where did all the food go?

Food For Thought Behind the Scenes of Muhlenberg Dining Services

 By Alex Goldman & Grace Nyberg


There are various draws to Muhlenberg College: the student-teacher ratio, liberal arts education,
community oriented campus. But a critical aspect for many is the incredible quality of food
served at the Wood Dining Commons. The dining hall is a beloved location on campus to refuel
and relax as well as connect with others. Those who experienced the Wood Dining Commons
before the COVID-19 shut down in 2020 might have noticed some changes in the way the dining
hall operates; on some days there are fewer options available and/or repetition of similar meals.
The dining hall staff is working furiously hard to overcome new difficulties resulting from the
pandemic. We went to get a better look at the process that makes Muhlenberg’s quality food
possible, specifically considering what has been affected by the COVID-19 pandemic

Part 1: Setting the Scene

We began our quest talking to John Pasquarello, the General Manager for Muhlenberg Dining Services. He kindly welcomed us behind the scenes, giving us a tour of the kitchen, as well as the storage for all of their food on campus. This was the first time either of us had been behind the scenes, and we got to see exactly how food went from being delivered to being on our plates. We saw how much of the food was stored on campus at any given time, with multiple refrigerators and freezers, as well as an entire room for dry goods.

John told us that dining services usually get deliveries from their main distribution partner,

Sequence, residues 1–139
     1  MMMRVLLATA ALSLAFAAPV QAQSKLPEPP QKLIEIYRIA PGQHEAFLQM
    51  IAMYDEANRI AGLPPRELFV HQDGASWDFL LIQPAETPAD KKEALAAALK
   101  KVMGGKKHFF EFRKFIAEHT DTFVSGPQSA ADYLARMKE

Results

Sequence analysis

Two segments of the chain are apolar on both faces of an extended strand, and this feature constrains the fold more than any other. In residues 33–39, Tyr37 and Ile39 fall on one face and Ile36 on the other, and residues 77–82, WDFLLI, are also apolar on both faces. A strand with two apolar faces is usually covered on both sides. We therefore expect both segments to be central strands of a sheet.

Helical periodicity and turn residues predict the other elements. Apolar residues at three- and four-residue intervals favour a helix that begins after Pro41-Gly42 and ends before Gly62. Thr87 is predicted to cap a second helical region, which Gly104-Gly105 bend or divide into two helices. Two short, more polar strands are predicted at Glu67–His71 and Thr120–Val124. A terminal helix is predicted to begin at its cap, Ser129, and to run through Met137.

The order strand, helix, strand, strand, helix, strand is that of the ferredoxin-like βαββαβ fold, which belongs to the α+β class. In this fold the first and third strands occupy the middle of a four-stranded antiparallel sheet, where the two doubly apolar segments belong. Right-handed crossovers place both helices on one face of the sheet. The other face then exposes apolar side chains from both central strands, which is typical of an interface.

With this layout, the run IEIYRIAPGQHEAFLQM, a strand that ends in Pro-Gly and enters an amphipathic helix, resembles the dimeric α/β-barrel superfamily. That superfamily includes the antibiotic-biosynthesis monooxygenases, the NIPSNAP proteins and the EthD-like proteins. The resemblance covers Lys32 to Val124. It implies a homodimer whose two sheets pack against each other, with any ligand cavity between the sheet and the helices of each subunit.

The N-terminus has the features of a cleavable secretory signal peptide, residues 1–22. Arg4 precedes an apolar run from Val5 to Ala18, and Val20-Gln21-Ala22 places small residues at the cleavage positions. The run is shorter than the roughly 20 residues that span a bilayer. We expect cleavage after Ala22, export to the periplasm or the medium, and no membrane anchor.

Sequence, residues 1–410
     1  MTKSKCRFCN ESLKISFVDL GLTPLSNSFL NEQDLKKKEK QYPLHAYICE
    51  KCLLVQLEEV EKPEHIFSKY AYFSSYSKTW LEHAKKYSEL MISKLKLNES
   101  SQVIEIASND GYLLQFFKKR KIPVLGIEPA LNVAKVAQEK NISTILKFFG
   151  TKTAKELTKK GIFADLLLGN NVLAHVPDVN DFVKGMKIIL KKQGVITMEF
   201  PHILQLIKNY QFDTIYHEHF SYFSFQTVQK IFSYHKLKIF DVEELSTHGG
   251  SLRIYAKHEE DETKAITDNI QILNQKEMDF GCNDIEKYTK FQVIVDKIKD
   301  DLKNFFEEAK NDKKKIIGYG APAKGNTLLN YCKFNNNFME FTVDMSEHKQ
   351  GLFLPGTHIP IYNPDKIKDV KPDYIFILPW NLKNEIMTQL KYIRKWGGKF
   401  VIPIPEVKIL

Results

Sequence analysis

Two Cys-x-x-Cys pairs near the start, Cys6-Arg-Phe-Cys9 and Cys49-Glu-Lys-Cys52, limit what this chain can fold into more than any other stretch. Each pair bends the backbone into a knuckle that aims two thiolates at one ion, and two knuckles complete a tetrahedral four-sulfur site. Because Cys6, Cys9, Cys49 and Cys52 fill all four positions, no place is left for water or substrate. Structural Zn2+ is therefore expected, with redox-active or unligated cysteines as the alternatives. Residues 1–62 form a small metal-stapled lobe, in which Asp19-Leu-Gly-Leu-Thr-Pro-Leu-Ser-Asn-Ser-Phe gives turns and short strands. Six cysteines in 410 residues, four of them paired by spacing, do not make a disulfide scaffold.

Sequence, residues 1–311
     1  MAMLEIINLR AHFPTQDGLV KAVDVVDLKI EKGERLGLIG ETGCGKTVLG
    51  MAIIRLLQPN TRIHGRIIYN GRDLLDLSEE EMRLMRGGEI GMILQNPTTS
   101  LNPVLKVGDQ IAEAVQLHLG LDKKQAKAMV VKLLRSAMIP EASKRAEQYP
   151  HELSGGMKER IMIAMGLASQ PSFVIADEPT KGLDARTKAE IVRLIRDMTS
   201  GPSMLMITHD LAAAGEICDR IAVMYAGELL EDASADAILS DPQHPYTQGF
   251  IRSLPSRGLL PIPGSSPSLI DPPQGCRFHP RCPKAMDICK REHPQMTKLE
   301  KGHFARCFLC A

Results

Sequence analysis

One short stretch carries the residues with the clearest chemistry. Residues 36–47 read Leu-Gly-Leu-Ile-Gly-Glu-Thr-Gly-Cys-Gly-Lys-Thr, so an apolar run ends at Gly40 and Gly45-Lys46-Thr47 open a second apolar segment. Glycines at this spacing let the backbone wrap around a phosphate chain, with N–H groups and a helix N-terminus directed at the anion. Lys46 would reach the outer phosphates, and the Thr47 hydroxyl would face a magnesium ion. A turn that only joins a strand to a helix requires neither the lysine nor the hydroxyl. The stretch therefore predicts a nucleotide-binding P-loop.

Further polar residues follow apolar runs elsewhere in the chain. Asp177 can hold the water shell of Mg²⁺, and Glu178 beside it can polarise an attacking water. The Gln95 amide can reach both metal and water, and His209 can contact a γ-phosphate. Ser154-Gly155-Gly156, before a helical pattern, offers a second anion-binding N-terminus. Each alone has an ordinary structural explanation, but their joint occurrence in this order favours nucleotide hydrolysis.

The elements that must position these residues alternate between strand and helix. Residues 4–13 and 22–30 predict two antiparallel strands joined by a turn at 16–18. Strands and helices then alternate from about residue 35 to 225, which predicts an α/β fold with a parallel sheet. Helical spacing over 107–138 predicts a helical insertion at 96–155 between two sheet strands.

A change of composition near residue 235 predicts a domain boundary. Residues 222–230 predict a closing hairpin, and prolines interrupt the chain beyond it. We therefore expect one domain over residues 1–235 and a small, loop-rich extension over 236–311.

SYSCO. They buy in bulk from these companies that store food in warehouses because it is
easier and cheaper, whereas shopping solely at the restaurant depot would not be cost efficient. “We want to be able to get all of the things we need at exceptional quality, at the volume in the
quantity we need it,” Pasquerello stated. The amount of food that needs to be ordered is based on
the amount of students and approximated serving sizes. Dining Services has different
relationships with all kinds of food manufacturers within the United States. John also mentioned
that Muhlenberg Dining Services does have exclusive agreements with local farmers, but since
the initial shut down it has gotten harder to connect as frequently as before. He mentioned a
farmer in Macungie, who provides all the basil for the campus. “In Pennsylvania, from a produce
standpoint, there is only so much we can grow,” John stated, “so whenever we can take
advantage of local relationships, we try to do that as well.”

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